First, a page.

The road to life is punctuated by transitions toward complexity, from astrochemistry to biomolecules and eventually to living organisms. Disentangling the origin of such transitions is a challenge where the application of complexity and network theory has not been fully exploited.
In this talk, I will present a computational framework in which simple networks simulate the most basic building bricks of life and interact to form complex structures, leading to an explosion of diversity when the parameter representing the environment reaches a critical value.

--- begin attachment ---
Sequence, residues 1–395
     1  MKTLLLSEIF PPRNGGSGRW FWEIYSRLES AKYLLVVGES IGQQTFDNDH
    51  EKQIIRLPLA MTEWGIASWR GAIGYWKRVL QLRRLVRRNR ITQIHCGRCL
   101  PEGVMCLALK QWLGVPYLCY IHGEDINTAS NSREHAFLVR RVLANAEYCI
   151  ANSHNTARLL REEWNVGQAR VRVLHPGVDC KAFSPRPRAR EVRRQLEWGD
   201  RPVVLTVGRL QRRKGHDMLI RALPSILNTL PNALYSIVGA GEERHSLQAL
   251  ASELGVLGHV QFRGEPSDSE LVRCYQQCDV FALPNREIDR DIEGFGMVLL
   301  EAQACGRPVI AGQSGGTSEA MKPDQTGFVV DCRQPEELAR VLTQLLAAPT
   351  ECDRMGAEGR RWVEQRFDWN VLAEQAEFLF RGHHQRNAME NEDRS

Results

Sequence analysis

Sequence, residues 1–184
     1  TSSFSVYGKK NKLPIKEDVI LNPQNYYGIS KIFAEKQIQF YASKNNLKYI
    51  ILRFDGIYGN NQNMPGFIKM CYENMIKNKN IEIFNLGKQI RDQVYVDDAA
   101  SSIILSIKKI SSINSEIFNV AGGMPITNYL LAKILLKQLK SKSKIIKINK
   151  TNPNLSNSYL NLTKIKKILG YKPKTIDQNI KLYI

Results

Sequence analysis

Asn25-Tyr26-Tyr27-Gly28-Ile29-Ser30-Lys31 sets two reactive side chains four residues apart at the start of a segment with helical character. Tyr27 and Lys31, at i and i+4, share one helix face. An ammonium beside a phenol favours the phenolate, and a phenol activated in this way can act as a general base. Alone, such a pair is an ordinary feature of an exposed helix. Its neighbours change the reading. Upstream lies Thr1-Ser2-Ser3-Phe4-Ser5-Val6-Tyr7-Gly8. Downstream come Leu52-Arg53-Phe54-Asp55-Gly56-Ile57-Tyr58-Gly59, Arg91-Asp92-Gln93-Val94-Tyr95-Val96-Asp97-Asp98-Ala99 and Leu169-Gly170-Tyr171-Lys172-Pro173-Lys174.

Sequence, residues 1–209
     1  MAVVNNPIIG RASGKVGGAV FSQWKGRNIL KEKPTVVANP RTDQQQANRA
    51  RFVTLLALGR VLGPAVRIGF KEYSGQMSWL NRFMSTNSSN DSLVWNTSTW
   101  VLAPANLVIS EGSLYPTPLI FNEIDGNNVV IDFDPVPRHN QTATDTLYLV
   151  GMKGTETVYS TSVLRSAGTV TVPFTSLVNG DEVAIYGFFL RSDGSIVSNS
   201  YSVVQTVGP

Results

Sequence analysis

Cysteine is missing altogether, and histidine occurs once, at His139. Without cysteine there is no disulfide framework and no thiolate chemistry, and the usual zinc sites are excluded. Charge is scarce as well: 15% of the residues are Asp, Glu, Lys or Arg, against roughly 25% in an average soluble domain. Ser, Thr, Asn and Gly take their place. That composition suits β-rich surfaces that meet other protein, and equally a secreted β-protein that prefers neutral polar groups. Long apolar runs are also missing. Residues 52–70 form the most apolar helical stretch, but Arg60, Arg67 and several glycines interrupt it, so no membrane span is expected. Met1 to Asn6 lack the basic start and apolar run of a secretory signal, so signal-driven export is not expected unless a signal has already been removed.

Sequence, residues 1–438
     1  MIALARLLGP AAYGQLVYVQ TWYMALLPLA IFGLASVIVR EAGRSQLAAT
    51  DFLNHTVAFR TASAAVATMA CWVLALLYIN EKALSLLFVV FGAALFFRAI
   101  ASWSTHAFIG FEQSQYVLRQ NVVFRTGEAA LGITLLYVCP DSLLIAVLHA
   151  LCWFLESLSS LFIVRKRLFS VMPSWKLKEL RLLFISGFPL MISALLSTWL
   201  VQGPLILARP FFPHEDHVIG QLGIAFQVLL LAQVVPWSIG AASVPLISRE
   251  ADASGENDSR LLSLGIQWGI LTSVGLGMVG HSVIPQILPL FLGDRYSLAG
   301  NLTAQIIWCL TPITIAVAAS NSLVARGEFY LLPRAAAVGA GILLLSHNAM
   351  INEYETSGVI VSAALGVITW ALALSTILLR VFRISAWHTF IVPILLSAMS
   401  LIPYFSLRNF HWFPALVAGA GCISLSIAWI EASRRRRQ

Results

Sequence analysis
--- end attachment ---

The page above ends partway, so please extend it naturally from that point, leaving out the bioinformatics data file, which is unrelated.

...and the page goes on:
Notably, although our system does not attempt to model the rules of real chemistry, the results describe the emergence of complexity in the evolution of chemical diversity in the interstellar medium. Furthermore, they reveal an as yet unknown relationship between the abundances of the molecules in dark clouds and the potential number of chemical reactions that yield them as products, supporting the ability of the conceptual framework presented here to shed light on real scenarios. This interdisciplinary work reinforces the notion that some of the properties that condition the extremely complex journey from the chemistry in space to prebiotic chemistry and finally to life could show relatively simple and universal patterns.